Personalisation vs Privacy 2022: Can They Work Together?

Personalisation vs Privacy 2022: Can They Work Together?

Studies suggest that ‘80% of consumers are more likely to make a purchase when they are presented with a personalised experience’ (Falcon) so it’s no surprise that many marketing team invests so many resources into personalising their marketing content. But as the focus on data privacy intensifies and the introduction of new data privacy regulations, what does the future hold for personalisation?

The Privacy Paradox

Personalization requires data collection and analysis, and data privacy often hinges on restricting these practices. Advanced forms in particular rely on the disclosure of personal data such as browsing history, purchase habits, and demographics which is often analysed and collated using automated tools and machine learning. Businesses are under an increasing amount of pressure to improve the way they collect, store, manage, and use their data as consumers become more aware of how their data can be shared online and misused.

European studies suggest that ‘55% of people fear criminals accessing their data’ and ‘30% are concerned about businesses, advertisers, and other governments accessing their data without them knowing’ (Digital Signage Today). One-quarter of people use an ad blocker and 76% of internet users are not comfortable with how tech companies are handling their data (Falcon). Concerns around data security have led to constant scrutiny and several changes to global data protection legislation which all impact how businesses can manage data. With such a negative attitude towards data collection and use by businesses, where is this ‘paradox’?

The Privacy Paradox refers to the disconnect between consumers attitudes and their behaviours, as well as between the views and actions of the customer and company. It is a continuous point of tension between a firm’s need for great consumer experiences, with personalised ads attracting more attention and lasting longer in the memory and a customer’s need for privacy. On the other side, consumers want personalised experience and are actually willing to leave brands that don’t offer them but object to sharing their data. Consumers rarely take any steps to protect their data either. People often browse websites and sign up to products without even looking at the privacy policy when entering all their details.

Hyper-relevant targeting, which relies on personal data and cookies, is such a critical part of many business’s digital marketing strategies, yet within increasing dissatisfaction and discomfort around the way businesses are using data, could personalisation methods become more complex?

What’s Next for Personalisation?

In response to increasing concerns over data management, Google introduced their Consent Mode in 2020. Google explains that “Consent mode allows you to adjust how your Google tags behave based on the consent status of your users. You can indicate whether consent has been granted for analytics and ads cookies. Google's tags will dynamically adapt, only utilizing cookies for the specified purposes when consent has been given by the user.”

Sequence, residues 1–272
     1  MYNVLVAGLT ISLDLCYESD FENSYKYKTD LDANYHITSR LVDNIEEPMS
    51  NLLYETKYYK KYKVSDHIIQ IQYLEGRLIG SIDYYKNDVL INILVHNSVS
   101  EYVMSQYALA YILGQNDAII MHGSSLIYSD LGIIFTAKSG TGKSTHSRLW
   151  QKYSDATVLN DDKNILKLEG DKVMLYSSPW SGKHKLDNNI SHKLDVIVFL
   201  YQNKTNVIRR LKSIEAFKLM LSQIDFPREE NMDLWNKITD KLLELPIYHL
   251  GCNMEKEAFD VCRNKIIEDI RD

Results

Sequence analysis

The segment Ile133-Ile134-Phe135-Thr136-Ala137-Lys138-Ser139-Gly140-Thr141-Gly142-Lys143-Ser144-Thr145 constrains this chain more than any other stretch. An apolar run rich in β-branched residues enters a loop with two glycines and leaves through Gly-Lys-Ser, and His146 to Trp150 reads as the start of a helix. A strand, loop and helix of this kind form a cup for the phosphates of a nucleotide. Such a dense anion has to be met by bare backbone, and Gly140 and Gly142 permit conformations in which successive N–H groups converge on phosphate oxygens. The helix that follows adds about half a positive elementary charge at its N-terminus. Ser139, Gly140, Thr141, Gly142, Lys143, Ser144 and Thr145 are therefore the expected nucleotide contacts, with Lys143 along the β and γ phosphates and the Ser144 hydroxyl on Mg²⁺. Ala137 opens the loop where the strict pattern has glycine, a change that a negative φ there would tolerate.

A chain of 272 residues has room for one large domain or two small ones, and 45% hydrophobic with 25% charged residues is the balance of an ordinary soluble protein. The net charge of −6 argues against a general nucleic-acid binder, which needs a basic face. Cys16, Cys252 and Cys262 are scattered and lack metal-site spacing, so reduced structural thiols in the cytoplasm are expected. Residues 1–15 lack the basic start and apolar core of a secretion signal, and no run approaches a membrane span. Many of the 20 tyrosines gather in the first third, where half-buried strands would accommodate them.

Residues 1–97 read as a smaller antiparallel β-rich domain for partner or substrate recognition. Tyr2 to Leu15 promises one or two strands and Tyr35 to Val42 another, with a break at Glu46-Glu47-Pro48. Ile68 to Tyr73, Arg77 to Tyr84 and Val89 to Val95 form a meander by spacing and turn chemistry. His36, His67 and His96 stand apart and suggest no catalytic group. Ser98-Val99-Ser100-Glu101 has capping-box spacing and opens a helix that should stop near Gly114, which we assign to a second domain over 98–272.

This is a great start by Google, but the truth is that most businesses aren’t prepared to shift their strategy to ensure data privacy compliance whilst still driving marketing success through personalisation.

Forecasts still suggest a positive outlook for personalised marketing, with estimates hat the global personalisation software market will grow from $6.7million in 2020 to &1.8billion by the end of 2025 (Emarsys), and that personalisation will continue to help businesses attract and retain new customers through desktop and mobile experiences. However, consumers are limiting more and more of the data they provide to retailers when shopping online which makes personalisation more challenging.

Some consumers are choosing to adopt privacy-first browsers like Brave, and other browsers such as Chrome and Firefox are increasing their privacy offerings. What this means is that marketers need to reduce their reliance on third-party data and cookies to drive personalisation, as at some point in the future, much of the required data for this simply won’t exist. This is where zero-party data comes in.

What is Zero-Party Data and Why It Is Important?

Forrester defines zero-party data as “data that a customer intentionally and proactively shares with a company”. Most consumers will want to hear from brands that they like buying from and interacting with and should therefore be willing to disclose their zero-party information.

The benefits of zero-party data include:

  • The data is accurate and reliable because it has come directly from the customer
  • The data is relevant and tells companies specifically how they want to be interacted with
  • Zero-party data is highly cost-effective because the data is handed over, not paid for
  • Data protection regulation compliance is no longer a big concern as the data collection methods and sources are clear and secure.

Zero-party data helps businesses engage with customers and potential customers in a meaningful and secure way. All data is volunteered by the customer knowingly which also creates a higher level of trust with the brand, whilst still using personalisation techniques.

Build Your Personalisation Strategy for 2022

Great digital marketing strategy starts with great talent. With personalisation expected to remain a key part of digital marketing in 2022 and beyond, you need the right digital talent to plan and execute your marketing personalisation strategy.

If you’re looking to build or scale your marketing function, get in touch for support hiring exceptional digital marketing talent right up to CMO level across Germany.

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